A new study published in the journal npj Vaccines describes the long-term outcomes of bacillus Calmette-Guérin (BCG) administration to patients with type 1 diabetes (T1D). Findings of the study indicate that patients with T1D who received just two doses of the BCG vaccine, spaced four weeks apart, achieved markedly lower HbA1c levels compared to the control group.
Denise L. Faustman, director of the Massachusetts General Hospital (MGH) Immunobiology Laboratory, and colleagues conducted the study to investigate the possible long-term immune, metabolic and clinical benefits of two doses of BCG vaccine as the Connaught strain (given two times, 4 weeks apart) in established T1D subjects (average disease duration of 19 years).
Used for almost a century to prevent tuberculosis, BCG has been known for more than 30 years to boost production of a cytokine called tumor necrosis factor (TNF), which may be beneficial in autoimmune diseases both by eliminating the autoreactive T cells that attack an individual’s tissues – in the case of type 1 diabetes, pancreatic islets – and by inducing production of regulatory T cells (Tregs) that could prevent an autoimmune reaction. Faustman’s team first reported in 2001 that inducing TNF production could cure type 1 diabetes in mice, but since TNF dosing is toxic in humans, clinical trials have utilized BCG for its ability to elevate TNF levels safely.
The study involved long-term follow-up of participants in clinical trials of a generic vaccine to reverse advanced type 1 diabetes. 282 human research participants for both in vivo BCG vaccine clinical trial studies (n = 52) and in vitro mechanistic studies (n = 230). Of these total research subjects, 211 had type 1 diabetes and 71 were non-diabetic control subjects. The trial was extended with 8-year long monitoring and additional in vivo BCG treated subjects.
- The 8 year long followed and BCG-treated T1Ds showed a reduction in HbA1c levels of greater than 10% after year 03, 18% at year 04, and the HbA1c remained low for the next 5 years.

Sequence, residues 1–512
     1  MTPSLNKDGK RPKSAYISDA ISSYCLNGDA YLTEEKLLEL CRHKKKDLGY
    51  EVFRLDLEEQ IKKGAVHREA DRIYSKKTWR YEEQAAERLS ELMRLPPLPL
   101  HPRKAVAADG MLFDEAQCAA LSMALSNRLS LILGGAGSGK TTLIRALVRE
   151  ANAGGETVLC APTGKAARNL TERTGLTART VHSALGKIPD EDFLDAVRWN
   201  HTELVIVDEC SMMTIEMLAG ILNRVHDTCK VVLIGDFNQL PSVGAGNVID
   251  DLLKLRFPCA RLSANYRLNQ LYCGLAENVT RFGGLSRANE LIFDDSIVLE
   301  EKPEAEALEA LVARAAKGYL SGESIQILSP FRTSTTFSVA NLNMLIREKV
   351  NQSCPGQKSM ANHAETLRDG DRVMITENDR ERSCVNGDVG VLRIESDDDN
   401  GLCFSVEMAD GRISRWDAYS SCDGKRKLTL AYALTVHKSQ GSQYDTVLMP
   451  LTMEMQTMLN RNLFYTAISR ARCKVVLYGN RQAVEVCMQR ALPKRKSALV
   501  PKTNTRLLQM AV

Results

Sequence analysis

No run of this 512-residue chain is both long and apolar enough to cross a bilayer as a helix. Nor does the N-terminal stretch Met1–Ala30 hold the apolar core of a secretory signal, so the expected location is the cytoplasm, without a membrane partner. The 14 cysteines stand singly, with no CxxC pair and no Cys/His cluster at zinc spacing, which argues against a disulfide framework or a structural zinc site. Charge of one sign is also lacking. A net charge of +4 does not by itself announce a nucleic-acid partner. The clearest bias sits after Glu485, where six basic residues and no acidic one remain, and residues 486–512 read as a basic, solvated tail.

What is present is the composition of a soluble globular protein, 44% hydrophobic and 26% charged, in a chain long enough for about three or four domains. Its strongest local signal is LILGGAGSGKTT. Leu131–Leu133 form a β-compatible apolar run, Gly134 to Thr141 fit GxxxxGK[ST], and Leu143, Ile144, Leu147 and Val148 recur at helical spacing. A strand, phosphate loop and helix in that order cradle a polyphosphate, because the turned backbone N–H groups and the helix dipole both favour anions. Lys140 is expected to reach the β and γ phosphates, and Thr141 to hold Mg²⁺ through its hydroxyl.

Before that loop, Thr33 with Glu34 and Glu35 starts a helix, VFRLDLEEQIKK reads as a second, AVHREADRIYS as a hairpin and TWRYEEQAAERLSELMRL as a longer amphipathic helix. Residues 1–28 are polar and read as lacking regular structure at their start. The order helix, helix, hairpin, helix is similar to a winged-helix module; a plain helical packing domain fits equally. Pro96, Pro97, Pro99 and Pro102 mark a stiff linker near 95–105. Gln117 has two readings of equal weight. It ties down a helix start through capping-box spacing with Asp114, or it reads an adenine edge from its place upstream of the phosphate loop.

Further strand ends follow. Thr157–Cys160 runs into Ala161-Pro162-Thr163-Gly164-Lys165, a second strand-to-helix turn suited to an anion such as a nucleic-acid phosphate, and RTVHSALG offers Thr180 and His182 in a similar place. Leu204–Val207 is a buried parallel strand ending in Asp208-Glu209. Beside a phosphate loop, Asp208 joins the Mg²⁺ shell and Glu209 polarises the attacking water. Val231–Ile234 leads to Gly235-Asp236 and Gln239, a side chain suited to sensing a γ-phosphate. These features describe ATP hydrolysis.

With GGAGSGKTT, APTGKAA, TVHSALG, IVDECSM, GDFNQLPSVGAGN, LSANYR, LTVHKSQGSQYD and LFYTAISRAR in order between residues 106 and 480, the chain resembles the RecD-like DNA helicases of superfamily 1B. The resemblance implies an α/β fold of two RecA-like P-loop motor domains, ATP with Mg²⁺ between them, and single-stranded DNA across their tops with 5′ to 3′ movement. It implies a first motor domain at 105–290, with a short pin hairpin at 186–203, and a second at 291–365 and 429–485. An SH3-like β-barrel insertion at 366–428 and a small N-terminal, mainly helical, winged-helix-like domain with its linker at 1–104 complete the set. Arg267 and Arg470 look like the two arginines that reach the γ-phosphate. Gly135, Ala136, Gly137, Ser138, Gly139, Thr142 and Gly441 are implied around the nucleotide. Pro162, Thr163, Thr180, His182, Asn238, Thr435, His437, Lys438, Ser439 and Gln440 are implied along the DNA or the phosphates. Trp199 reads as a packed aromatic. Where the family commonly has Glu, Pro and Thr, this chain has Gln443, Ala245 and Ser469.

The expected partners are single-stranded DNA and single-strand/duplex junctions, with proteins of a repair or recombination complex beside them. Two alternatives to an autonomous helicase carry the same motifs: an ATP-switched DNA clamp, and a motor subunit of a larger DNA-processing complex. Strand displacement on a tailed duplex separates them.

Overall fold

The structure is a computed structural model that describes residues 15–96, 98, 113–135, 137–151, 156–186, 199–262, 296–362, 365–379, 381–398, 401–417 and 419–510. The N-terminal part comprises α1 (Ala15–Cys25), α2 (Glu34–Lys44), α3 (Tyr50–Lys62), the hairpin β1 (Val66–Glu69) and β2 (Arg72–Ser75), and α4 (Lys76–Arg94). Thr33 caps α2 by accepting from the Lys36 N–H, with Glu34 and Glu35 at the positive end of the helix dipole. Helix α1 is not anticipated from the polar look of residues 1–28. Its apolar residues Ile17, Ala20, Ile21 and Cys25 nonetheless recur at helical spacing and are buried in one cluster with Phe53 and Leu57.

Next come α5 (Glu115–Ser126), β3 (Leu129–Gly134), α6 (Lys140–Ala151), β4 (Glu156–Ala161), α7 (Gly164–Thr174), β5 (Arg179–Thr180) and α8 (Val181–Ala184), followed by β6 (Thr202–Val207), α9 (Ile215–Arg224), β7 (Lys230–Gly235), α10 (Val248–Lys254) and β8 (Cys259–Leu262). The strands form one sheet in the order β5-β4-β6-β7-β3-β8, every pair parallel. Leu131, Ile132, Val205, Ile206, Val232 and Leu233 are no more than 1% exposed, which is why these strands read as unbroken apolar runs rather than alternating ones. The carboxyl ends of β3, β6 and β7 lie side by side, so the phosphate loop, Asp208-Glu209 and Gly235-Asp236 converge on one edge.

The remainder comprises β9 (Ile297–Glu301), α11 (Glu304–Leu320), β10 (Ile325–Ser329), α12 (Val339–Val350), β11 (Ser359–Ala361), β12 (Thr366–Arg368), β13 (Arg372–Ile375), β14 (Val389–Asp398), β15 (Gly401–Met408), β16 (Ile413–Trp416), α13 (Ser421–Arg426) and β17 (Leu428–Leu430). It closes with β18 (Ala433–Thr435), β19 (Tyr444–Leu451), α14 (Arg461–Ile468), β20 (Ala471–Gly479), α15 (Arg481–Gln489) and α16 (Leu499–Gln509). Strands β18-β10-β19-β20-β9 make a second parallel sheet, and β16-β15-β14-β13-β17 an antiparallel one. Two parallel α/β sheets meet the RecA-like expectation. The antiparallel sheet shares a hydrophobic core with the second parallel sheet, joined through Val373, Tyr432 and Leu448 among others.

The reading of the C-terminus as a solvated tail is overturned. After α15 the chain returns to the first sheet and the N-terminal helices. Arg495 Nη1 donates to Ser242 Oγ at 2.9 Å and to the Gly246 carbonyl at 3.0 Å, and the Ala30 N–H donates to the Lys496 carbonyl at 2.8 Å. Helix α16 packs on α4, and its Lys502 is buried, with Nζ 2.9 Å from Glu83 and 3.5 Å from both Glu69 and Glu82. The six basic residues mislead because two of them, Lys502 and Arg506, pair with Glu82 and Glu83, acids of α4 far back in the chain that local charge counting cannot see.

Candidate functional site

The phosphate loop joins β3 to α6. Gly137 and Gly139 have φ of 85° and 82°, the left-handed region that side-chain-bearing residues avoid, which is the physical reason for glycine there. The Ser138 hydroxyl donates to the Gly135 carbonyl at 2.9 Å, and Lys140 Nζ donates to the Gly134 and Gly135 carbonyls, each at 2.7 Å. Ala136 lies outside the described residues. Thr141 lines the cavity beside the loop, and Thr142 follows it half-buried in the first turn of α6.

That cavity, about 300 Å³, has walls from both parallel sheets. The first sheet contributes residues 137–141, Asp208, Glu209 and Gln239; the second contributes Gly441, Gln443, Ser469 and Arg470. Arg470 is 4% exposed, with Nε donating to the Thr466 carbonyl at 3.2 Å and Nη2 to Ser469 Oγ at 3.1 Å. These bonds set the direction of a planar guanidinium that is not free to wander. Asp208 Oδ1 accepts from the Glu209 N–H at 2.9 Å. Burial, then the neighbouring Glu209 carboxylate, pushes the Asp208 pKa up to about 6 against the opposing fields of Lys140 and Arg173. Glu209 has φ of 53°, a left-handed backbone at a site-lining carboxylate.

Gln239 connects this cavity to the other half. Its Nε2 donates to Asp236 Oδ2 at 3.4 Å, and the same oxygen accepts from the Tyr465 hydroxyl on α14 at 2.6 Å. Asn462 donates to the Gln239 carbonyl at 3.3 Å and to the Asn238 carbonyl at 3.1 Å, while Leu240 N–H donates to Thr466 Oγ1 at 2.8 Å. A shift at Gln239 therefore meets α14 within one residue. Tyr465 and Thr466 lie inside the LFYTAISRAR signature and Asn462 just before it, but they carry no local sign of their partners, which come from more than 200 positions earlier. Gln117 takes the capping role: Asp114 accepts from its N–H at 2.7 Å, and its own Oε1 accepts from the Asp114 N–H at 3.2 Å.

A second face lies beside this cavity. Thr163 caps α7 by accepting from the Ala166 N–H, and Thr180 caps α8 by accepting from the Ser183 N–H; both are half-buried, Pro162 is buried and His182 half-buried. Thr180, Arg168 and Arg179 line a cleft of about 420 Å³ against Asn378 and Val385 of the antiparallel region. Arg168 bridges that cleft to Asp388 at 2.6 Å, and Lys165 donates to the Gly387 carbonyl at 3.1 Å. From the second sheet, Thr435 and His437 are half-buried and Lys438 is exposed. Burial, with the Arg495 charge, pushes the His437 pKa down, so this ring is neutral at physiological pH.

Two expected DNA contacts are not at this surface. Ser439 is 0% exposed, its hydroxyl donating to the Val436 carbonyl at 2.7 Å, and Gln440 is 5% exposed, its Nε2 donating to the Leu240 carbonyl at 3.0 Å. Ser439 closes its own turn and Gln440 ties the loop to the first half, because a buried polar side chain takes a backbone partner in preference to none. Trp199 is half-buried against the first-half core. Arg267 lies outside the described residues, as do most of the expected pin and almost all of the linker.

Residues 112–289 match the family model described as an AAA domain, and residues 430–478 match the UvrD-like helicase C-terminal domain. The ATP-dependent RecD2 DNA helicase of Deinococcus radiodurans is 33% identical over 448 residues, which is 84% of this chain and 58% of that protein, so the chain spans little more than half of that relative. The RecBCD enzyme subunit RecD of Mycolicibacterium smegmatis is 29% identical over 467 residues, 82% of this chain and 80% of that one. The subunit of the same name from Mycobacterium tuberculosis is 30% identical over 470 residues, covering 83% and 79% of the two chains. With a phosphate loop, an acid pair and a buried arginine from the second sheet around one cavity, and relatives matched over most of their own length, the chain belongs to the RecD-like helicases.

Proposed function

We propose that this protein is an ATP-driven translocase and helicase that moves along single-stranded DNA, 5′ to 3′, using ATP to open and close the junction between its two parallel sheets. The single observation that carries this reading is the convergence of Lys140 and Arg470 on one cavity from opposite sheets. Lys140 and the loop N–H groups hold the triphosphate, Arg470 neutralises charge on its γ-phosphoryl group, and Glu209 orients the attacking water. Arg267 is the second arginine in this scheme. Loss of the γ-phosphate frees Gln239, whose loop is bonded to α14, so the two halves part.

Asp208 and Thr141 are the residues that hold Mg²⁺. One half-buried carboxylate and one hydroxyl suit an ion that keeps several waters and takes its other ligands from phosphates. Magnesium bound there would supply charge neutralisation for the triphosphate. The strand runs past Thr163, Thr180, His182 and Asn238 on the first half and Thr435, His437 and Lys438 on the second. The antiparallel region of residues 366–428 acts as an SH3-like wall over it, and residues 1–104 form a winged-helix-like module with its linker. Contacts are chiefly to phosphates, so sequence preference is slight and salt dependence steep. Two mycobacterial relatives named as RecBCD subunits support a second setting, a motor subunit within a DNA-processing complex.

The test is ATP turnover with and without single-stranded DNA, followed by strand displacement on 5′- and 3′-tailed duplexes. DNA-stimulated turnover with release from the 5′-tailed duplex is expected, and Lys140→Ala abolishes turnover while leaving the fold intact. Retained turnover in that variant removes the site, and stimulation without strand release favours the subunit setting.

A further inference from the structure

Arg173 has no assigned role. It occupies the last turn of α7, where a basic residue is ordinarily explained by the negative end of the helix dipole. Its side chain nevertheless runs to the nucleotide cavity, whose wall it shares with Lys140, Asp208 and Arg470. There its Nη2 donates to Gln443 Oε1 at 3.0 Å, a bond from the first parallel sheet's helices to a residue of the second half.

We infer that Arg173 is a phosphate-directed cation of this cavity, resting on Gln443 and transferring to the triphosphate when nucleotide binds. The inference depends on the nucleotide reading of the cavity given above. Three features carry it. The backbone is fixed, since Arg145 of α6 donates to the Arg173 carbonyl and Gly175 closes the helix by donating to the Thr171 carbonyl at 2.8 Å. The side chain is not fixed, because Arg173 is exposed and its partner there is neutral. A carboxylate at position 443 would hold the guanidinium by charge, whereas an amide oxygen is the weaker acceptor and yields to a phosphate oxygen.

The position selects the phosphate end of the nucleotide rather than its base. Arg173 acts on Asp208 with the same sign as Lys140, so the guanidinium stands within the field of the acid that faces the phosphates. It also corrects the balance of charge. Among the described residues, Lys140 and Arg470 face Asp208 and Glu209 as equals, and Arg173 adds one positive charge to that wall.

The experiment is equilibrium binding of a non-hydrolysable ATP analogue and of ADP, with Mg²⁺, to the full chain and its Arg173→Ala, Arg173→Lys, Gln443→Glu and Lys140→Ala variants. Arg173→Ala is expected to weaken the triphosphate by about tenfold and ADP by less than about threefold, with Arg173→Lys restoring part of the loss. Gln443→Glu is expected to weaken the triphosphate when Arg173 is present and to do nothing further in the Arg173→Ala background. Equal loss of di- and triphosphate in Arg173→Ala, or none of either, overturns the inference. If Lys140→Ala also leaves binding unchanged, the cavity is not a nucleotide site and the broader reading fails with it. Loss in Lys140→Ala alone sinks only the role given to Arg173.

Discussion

- During year 03 to year 08 after BCG vaccinations, there were no reports of severe hypoglycemia by any patient, even with lowered HbA1Cs near the normal range, and no change in their care as it related to new insulin pumps or continuous glucose monitoring devices.
- BCG-induced demethylation at the gene level that causes increased mRNA expression of the Treg signature genes, this resulted in enhanced mRNA expression.
- 1,5-Anhydroglucitol, a sugar metabolite known to increase with lower blood sugar, was lower in untreated T1Ds compared to non-diabetic controls.
- Sugar metabolite alpha-ketobutyrate is known to be higher in T1D as compared to non-diabetic controls; we observed this as well. After BCG treatment alpha-ketobutyrate levels were even slightly lower than control suggesting a meaningful lowering of blood sugars in those cohorts.
- BCG treatment improved glucose metabolism and augmented purine biosynthesis.
- BCG treatment does not carry the risk of hypoglycemia as is the case for intense insulin therapy.
- BCG could reduce blood sugar elevations in mice that were caused by means other than autoimmune attack, raising the possibility that BCG vaccines could also be beneficial against type 2 diabetes.
- A shifting of the process of glucose metabolism from oxidative phosphorylation, the most common pathway by which cells convert glucose into energy, to aerobic glycolysis, a process that involves significantly greater glucose consumption by cells, was also observed.
“This is clinical validation of the potential to stably lower blood sugars to near normal levels with a safe vaccine, even in patients with longstanding disease,” says Dr. Faustman. “In addition to the clinical outcomes, we now have a clear understanding of the mechanisms through which limited BCG vaccine doses can make permanent, beneficial changes to the immune system and lower blood sugars in type 1 diabetes.”
These findings set the stage for further testing of a known safe vaccine therapy for improved blood sugar control through changes in metabolism and durability with epigenetic changes even in advanced Type 1 diabetes.
For further information click on the link: http://dx.doi.org/10.1038/s41541-018-0062-8